Standing in the grassy field in front of the Castle, the summer light is fading. All around are groups of family and friends, sitting around picnics and glancing slightly to the left to see the floodlit castle.
The music has reached a crescendo and the fireworks begin to whirl upwards and burst into the sky in huge sparkling showers, scattering their light behind a cedar tree as they fall which in turn becomes silhouetted and part of the show.
Glittering white, silver, pink, blue and green – colours of all heights leap skyward to gasps of delight, smiles and laughter from everyone. The unspoken consensus is that it should never end. Of course, after the past eighteen months, the display is even more welcome than usual, the shimmering lights offering optimism and happiness if only for the moment.
Fireworks play their part in many different cultures and at many different celebrations. They are a major part of Diwali, the festival of lights, where they are interpreted as a way to ward off evil spirits as well as adding to the festive mood. Similarly, in many religions, lights, candles and fireworks are all used to all symbolise the victory of light over darkness, knowledge over ignorance and good over evil.
The concert, cannons, fireworks and spitfire included in the programme tonight however are simply part of a fun event which is now in its 20th year. The Battle Proms were created by Adam Slough and his father, a master gun maker by trade. He turned his hand to the replica cannons that form part of the orchestra whilst Adam organises the venues, the orchestra and the musical programme which runs from Beethoven to Elgar and promotes young soloists. (I have just recorded my latest podcast with Adam, so do look for it on Spotify etc)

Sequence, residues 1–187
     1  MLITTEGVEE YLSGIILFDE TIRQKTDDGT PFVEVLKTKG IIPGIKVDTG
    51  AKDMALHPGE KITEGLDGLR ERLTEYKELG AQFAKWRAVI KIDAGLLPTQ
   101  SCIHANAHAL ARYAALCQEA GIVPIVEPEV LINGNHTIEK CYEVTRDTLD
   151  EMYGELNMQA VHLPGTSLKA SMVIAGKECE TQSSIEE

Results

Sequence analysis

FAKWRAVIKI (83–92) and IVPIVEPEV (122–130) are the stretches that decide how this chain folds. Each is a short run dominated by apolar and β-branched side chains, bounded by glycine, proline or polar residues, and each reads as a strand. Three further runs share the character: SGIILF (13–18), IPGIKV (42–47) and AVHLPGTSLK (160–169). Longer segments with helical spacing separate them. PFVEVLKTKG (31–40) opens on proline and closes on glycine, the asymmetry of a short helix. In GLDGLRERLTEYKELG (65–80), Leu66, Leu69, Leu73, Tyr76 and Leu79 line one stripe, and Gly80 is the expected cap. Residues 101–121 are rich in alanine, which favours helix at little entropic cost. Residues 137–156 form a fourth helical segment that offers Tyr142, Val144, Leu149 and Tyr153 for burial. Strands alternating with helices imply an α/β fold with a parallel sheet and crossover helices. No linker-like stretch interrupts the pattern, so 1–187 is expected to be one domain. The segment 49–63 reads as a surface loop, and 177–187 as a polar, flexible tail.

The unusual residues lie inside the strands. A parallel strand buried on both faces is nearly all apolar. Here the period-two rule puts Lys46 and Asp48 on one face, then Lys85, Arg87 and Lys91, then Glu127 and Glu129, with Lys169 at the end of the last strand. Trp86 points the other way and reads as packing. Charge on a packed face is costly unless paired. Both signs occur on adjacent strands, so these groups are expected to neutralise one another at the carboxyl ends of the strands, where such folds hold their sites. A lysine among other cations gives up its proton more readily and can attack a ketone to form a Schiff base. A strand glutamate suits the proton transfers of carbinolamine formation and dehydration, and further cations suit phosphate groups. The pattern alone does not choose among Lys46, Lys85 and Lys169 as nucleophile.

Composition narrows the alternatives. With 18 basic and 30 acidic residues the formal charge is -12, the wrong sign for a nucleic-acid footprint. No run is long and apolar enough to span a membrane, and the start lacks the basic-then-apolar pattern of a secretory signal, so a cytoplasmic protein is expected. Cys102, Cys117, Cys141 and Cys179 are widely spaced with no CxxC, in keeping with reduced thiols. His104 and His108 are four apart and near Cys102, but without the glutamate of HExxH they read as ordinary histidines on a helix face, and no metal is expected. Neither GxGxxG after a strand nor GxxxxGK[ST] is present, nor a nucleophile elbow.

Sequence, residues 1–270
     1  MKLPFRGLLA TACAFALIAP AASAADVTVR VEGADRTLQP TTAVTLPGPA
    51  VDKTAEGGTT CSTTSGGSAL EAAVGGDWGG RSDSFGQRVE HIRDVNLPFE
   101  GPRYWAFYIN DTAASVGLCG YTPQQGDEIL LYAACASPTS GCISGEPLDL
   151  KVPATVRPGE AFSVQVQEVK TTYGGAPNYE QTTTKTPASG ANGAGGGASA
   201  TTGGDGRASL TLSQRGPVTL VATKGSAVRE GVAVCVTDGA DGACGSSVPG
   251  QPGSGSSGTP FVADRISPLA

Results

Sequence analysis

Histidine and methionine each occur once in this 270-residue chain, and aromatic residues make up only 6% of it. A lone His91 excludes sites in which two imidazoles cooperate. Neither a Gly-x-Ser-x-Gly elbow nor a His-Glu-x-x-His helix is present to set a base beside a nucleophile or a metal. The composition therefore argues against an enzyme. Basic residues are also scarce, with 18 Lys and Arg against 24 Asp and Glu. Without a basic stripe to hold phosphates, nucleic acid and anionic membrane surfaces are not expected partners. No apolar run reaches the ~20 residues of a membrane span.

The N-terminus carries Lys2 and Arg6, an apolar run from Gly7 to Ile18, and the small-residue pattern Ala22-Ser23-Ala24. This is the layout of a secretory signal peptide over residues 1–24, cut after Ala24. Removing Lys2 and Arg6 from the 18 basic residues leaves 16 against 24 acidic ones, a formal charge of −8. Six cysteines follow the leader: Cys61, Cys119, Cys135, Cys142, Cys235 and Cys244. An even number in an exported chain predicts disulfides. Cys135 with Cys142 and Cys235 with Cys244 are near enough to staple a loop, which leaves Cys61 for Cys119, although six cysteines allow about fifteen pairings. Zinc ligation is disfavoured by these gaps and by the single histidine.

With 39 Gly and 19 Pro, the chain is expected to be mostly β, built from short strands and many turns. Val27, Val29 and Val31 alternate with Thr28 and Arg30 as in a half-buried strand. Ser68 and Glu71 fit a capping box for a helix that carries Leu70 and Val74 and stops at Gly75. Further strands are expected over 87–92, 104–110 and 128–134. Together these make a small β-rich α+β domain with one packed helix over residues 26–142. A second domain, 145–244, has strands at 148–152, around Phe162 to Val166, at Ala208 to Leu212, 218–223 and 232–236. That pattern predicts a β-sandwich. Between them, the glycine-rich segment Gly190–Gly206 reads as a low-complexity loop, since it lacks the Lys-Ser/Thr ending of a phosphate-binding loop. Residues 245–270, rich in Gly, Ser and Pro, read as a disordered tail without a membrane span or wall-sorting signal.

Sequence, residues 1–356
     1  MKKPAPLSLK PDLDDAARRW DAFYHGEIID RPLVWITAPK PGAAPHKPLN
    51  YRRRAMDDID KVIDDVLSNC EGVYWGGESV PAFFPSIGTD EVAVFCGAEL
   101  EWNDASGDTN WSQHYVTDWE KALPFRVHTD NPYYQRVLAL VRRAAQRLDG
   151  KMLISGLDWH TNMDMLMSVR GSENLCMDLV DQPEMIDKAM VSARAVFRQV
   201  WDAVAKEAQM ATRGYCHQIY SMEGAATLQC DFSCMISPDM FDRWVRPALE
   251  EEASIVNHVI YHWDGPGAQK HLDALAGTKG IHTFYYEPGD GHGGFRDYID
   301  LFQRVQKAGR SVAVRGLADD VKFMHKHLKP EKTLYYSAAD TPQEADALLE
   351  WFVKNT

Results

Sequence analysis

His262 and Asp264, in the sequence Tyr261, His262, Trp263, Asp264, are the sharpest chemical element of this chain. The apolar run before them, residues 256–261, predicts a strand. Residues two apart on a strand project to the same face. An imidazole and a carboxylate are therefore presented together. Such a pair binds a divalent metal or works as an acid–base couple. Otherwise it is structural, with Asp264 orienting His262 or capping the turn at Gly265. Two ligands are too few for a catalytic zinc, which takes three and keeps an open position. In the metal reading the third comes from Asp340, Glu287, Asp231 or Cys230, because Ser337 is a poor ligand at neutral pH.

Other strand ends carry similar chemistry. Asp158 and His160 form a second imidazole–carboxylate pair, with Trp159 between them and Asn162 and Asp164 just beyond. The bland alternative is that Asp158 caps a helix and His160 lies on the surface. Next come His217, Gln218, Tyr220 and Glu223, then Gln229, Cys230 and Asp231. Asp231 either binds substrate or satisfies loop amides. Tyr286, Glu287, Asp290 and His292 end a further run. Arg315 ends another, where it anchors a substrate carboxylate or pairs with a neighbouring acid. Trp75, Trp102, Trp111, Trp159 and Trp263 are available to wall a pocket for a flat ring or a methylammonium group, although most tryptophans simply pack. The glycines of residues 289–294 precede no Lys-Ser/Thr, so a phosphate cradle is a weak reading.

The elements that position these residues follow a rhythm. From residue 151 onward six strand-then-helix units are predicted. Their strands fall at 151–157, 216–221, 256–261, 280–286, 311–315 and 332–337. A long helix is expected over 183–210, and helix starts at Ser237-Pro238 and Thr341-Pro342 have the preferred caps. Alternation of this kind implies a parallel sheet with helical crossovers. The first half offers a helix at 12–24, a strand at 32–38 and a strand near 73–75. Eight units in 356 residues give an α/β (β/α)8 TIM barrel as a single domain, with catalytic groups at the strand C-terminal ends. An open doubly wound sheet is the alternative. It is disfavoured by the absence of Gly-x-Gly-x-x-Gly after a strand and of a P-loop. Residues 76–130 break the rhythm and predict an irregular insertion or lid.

In true British fashion everyone starts to queue rather early, coming armed with everything needed to set up a lovely picnic including, in some cases, the candelabra. Some guests take advantage of Adam’s hospitality and just collect picnics and tables or sit within canopies whilst others choose to do their own thing with varying degrees of organisation and success. Over the last twenty years it has built up from an initial audience of 4000 people to around 10,000 but, following Covid, numbers have dropped back to around 5000 this year to allow more space between groups. Next year I hope it will be back to full strength as audience participation is one of the key elements to atmosphere of the evening.
The event starts in stages, with a Napoleonic era cavalry display, an evening gun salute from the canons and an army parachute team dropping in.
Then, sometime around 7.30pm, there is a distant deep hum. Thousands of people turn and start scanning the skies and, as the noise grows, suddenly a spitfire swoops down and banks behind the castle. A gasp of pleasure and the spitfire turns, reaches up to the heavens and rolls downwards before leaving to the sound of Elgar from the orchestra. It is always a majestic moment, whatever the weather is throwing at us that year.
The musical programme then continues through various old favourites before finishing with Tchaikovsky’s 1812 overture, all 194 of the cannon and the grand firework display. Needless to say, the horses and dogs have been transported to the far edges of the estate long before the start of the show under the careful supervision of Maggie the groom and are safely out of earshot.
Maybe, like magpies, we just like bright shiny things but these days fireworks are increasingly used to celebrate any and all special occasions. They are noisy and fun and signal instant glamour. Like shooting stars and fireflies, they are a magical source of temporary happiness even if, after a few minutes, the sky turns back to darkness.
We don’t offer fireworks very day which makes this event far more special and more appreciated and we do all need such a festival to ward off evil spirits. Equally, it is just as important for the camaraderie and the joy of getting together with old friends. Even better the armed forces charity, SSAFA raised over £10,000 from the generosity of all there. It is a great charity which steps out to help families face to face, to find out what is needed. A huge thank you to all.
“What was important wasn’t the fireworks, it was that we were together this evening, together in this place, looking up into the sky at the same time.” — Banana Yoshimoto